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Probability -- traffic lights (1. R=0.4, 2. R=0.5, 2x G=0.2)

  1. Mar 7, 2016 #1

    TheBlackAdder

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    There are 2 traffic lights. Bart knows the probability of stopping at the first light is 40%, stopping at the second light is 50% and the probability of stopping at no lights is 20%.
    1. What is the probability of stopping at both lights?
    2. What is the probability of stopping for at least one light?
    My attempt:
    yu868Zl.jpg

    Apparently the chance is 10% and not 20% of stopping at boh lights. I thought they were independent but the opposite is true. So I used the formula for dependent probability. Now I'm trying to figure out how I can find P(B=R | A=R)
     
    Last edited: Mar 7, 2016
  2. jcsd
  3. Mar 7, 2016 #2

    BvU

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    But already earlier on you have a problem: case G G would be 0.6 * 0.5 and given is that it's only 0.2.

    That tells you something about case G R !

    The other given , 2nd light 0.5 / 0.5 on average, can then only be explained if case R G is a lot more likely than 0.4 * 0.5
     
  4. Mar 7, 2016 #3

    mfb

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    They are dependent, yes.
    You don't need formulas for this. Just consider all four options:
    (A) stop at both
    (B) stop at first but not at second
    (C) stop at second but not at first
    (D) both green

    Those four options sum to a probability of 1, and you can set up three equations with the given numbers. That is sufficient to find all probabilities.
     
  5. Mar 7, 2016 #4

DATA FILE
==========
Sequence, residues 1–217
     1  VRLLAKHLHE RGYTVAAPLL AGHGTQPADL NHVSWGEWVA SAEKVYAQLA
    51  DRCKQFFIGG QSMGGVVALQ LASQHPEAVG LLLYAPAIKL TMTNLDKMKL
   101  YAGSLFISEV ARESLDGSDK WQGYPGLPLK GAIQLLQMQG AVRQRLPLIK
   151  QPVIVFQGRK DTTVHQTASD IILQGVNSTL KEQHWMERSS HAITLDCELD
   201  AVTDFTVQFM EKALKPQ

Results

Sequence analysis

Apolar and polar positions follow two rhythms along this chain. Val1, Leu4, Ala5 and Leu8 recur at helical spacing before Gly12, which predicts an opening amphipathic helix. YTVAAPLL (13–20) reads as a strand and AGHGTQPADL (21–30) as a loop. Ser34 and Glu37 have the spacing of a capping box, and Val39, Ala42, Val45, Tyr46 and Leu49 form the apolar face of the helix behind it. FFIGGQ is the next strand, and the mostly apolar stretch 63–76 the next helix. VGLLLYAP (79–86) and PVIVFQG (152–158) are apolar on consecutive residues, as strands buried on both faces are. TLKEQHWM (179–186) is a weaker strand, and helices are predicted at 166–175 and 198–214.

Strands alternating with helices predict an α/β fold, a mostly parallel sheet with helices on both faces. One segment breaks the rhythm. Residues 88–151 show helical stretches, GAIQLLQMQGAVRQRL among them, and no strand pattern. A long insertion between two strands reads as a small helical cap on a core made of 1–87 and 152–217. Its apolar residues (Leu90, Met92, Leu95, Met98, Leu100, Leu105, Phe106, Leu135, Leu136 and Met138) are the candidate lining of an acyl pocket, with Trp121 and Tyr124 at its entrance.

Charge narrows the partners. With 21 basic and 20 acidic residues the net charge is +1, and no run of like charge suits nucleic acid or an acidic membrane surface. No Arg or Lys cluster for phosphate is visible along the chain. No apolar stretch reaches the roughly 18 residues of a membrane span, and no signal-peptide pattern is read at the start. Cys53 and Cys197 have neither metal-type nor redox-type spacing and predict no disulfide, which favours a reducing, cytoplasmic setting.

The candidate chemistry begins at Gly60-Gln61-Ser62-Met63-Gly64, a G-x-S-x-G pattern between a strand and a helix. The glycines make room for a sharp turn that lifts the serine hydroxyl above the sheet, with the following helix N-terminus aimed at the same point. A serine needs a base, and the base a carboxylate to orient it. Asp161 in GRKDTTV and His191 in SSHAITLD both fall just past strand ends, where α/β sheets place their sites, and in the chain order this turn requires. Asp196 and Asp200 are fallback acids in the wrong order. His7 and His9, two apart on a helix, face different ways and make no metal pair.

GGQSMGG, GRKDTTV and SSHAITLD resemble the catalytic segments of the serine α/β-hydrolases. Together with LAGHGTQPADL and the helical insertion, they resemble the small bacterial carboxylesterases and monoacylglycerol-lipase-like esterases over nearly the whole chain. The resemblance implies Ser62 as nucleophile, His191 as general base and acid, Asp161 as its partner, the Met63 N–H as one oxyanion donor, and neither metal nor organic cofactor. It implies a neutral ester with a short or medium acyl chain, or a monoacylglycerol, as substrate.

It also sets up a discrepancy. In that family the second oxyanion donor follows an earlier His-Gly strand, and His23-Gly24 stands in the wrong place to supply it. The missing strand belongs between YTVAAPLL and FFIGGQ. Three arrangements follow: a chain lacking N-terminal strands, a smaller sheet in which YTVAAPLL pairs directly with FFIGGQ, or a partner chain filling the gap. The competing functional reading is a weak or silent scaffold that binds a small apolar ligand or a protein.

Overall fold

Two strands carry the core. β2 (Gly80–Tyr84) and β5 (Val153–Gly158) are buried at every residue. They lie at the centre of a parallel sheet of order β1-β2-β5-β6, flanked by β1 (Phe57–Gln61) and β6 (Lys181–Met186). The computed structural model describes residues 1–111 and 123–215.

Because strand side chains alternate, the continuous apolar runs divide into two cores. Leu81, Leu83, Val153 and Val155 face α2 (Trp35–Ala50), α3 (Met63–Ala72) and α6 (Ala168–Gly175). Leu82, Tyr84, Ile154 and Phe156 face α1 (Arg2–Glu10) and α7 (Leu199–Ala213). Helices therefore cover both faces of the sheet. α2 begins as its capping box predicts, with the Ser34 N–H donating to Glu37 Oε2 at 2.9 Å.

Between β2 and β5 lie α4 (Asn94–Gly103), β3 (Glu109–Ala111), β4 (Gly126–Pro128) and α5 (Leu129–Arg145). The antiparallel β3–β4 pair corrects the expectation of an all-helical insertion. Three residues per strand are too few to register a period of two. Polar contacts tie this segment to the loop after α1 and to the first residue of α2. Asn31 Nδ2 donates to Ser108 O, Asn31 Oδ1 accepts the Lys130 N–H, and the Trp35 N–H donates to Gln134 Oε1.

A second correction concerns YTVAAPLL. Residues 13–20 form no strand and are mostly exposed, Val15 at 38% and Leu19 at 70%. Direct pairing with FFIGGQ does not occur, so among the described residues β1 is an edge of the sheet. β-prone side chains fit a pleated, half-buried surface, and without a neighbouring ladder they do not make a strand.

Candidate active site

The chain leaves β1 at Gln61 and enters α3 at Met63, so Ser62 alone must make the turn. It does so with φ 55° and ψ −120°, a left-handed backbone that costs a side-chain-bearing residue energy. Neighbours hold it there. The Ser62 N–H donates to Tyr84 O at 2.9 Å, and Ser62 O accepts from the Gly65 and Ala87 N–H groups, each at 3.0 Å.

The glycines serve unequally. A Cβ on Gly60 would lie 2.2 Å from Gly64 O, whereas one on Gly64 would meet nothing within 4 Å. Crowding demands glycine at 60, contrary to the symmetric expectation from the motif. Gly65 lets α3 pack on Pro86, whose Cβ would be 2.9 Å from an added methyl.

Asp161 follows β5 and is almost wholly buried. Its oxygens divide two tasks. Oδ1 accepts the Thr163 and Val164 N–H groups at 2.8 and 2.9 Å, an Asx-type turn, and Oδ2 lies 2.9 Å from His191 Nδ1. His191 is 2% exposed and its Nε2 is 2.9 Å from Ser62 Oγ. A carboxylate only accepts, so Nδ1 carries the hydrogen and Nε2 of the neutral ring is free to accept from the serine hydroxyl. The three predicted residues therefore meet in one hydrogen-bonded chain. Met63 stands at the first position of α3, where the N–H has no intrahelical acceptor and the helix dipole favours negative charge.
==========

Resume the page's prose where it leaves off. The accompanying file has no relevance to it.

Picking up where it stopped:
TheBlackAdder

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    These are some serious cardinal mistakes I'm making. Thank you.
     
  6. Mar 7, 2016 #5

    TheBlackAdder

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    I understand my mistakes. But I really don't see how I can use the formula. To calculate the conditional probability P(B=R | A=R) I need the probability of P(B=R ∩ A=R) but that is what I'm looking for in the first place.

    Our lecturer did this: P(X={red}) = 40%, P(Y={red}) = 50% (probability of red at the second light)
    P(X=Red ∩ Y=Red) = P(X=R | Y=R)
    P(X=Red ∩ Y=Red) = P(X=R) + P(Y=R) - P(X=R ∪ Y=R) = 40% + 50% - 80%
    P(X=Red ∩ Y=Red) = 10%

    I don't see how he got to P(X=R ∪ Y=R) = 80%

    m2ntrGn.jpg
     
  7. Mar 7, 2016 #6

    BvU

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    OK, you picked up GG = 0.2 and hence GR = 0.4.
    To end up with *G = 0.5 you need RG = 0.3 - that's one way.
    To end up with *R = 0.5 you need RR = 0.1 - that's an even more direct way.
    *G is the chance you need to stop at light #2.

    Teacher finds chance that one or both are red = 100% - chance that both are green (which is given). That explains the 80%.
    But I can't follow the logic in
    can you ?
     
  8. Mar 7, 2016 #7

    TheBlackAdder

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    Oh I think I somewhat start to see what he did.
    P(X=R) + P(Y=R) = 90% = The probability the first one is red (R) + the probability the second one is red (GR + RR)
    -P(X=R ∪ Y=R) = The first light is red (R) or the second light is red (GR) or both are red (RR) ~ which equals the second question: the probability of at least one light being red = 80%

    After writing this I don't see anymore. I really want to grasp this, but can't seem to find the logic. So my answer is no @BvU :(
     
  9. Mar 7, 2016 #8

    mfb

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    You don't need conditional probabilities at all.
    If they confuse you, why do you try to keep using them?
     
  10. Mar 7, 2016 #9

    TheBlackAdder

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    Because we need to learn to write it in a formula. I'll figure it out tomorrow. Will update this thread.
     
  11. Mar 7, 2016 #10

    mfb

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    Then I suggest to start with the approach I posted and to calculate conditional probabilities afterwards (unnecessary, but...).
     
  12. Mar 7, 2016 #11

    Ray Vickson

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    Let R1 = {first is red (stop)}, R2 = {second is red (stop)}. You are given ##P(R_1) = 0.4, P(R_2) = 0.5## and ##P(\text{not}(R_1 \cup R_2)) = 0.2##. Thus, ##P(R_1 \cup R_2) = 1-0.2 = 0.8##. The inclusion-exclusion principle says that
    [tex]P(R_1 \cup R_2) = P(R_1) + P(R_2) - P(R_1 \cap R_2), [/tex]
    so ##P(R_1 \cap R_2) = 0.4 + 0.5 - 0.8 = 0.1##.
     
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